Until the COVID-19 pandemic struck, most of us simply took ‘hangouts’ with our friends and families for granted. We would be reckless with our cellphones – answering texts in the middle of conversations, scrolling social media during meetings, checking emails at the dinner table. We would often crave the instant gratification of resolving a text notification or deleting a stray email.
Today, we find ourselves in an opposite scenario. In order to engage with our loved ones, we’ve had to shift our world from a physical one to a virtual one. Offices have turned into Zoom conferences. Dinner dates have transitioned into Skype sessions. Snuggling on a couch, watching movies together, has become ‘Netflix parties’ with chat rooms to share witty commentary. Board game nights have converted into multi-player computer games. In fact, this is the first time I have felt that technology has truly strengthened my relationships and personal connections rather than detracted from them, and I feel a newfound gratitude for these devices.
Nonetheless, our time in quarantine has perhaps been an overload of technology. A running joke is that our day proceeds as “small screen, small screen, medium screen, medium screen, small screen, big screen, big screen, small screen.” Perhaps we are no longer ‘instantly gratified’ by the same things that once pleased us. I know that personally, I crave physical companionship. I crave someone’s eyes focused on mine as I tell a story. I crave laughing alongside a friend until our bellies ache together.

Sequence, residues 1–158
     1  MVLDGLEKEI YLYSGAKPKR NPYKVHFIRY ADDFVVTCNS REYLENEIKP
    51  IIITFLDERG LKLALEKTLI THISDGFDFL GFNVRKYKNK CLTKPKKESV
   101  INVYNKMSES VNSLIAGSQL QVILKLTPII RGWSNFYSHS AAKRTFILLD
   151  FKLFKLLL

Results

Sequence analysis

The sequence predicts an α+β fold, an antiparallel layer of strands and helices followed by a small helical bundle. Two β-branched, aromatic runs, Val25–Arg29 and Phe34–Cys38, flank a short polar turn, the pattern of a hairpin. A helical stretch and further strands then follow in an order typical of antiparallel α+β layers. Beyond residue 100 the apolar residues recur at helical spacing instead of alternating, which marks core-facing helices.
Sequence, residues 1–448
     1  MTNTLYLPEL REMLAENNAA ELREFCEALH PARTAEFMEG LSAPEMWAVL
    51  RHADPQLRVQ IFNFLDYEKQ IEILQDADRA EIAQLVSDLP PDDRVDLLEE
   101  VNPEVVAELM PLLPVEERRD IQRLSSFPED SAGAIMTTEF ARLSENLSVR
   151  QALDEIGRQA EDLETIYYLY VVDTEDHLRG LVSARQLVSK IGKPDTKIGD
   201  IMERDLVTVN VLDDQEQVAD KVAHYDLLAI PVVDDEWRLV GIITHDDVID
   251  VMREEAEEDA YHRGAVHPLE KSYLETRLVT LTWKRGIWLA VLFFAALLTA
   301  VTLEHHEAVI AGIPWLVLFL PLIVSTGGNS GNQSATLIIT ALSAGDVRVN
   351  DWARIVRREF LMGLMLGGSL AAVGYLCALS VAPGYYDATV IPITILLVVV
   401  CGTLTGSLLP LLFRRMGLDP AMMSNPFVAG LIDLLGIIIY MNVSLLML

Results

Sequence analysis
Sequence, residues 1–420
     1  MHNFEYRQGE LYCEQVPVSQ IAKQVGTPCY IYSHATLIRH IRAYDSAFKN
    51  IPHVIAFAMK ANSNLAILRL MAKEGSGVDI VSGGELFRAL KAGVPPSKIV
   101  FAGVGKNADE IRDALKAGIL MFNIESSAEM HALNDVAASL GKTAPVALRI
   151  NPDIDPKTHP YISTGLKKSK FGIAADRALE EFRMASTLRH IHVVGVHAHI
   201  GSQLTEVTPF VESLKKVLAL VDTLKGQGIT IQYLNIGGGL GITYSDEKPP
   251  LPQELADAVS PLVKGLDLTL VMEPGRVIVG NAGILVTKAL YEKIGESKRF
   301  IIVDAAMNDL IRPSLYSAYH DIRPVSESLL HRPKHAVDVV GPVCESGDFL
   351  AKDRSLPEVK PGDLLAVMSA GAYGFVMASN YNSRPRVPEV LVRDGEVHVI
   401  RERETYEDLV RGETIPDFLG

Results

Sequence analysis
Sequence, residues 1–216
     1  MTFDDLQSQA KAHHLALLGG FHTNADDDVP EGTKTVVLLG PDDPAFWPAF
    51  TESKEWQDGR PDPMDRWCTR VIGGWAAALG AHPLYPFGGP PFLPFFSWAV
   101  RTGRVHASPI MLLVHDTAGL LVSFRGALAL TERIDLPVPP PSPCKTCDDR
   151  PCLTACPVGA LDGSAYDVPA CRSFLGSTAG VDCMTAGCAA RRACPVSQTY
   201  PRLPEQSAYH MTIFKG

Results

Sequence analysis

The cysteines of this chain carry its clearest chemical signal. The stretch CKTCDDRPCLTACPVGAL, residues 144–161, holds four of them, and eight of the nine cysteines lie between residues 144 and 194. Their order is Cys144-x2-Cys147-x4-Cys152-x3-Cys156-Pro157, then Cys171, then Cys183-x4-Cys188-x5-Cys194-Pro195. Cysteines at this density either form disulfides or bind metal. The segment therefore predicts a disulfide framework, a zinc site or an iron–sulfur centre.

I guess, in the meantime, we must find allies in unlikely places. Perhaps even places like Nature. Without a doubt, this shelter-in-place has revived my relationship with the outdoors. Every day, I go running with Papa outside on a trail that loops around our neighbourhood. I leave my phone at home and instead marvel at the outside world – the flowers that I have seen bloom from buds to blossoms, the weeds that are fighting tooth-and-nail to overtake one another, the black birds with bright red neck feathers that caw sweetly to one another from adjacent trees… I can sit outside for hours in our patio chairs, staring at our lemon tree and its abundant and selfless production of fruit. I love the feeling of the sun tickling my legs and the sound of the wind whipping around me. Nature has been my strength during this seemingly infinite quarantine, and I hope that it provides the same comfort to others also overwhelmed by screens and isolation.
I’m curious about how the world will adapt when we hit un-pause, when we pick back up at the quick pace of everyday life as we had before. How will we readjust to intimate, physical gatherings? Will we simply be grateful for our renewed in-person relationships, quickly remembering the beauty of hugs and human warmth? I hope so. I hope we appreciate the things we didn’t notice before quarantine and the things we found during quarantine.
This is a defining moment. And how we act going forward has the potential to change our attitudes and priorities for good.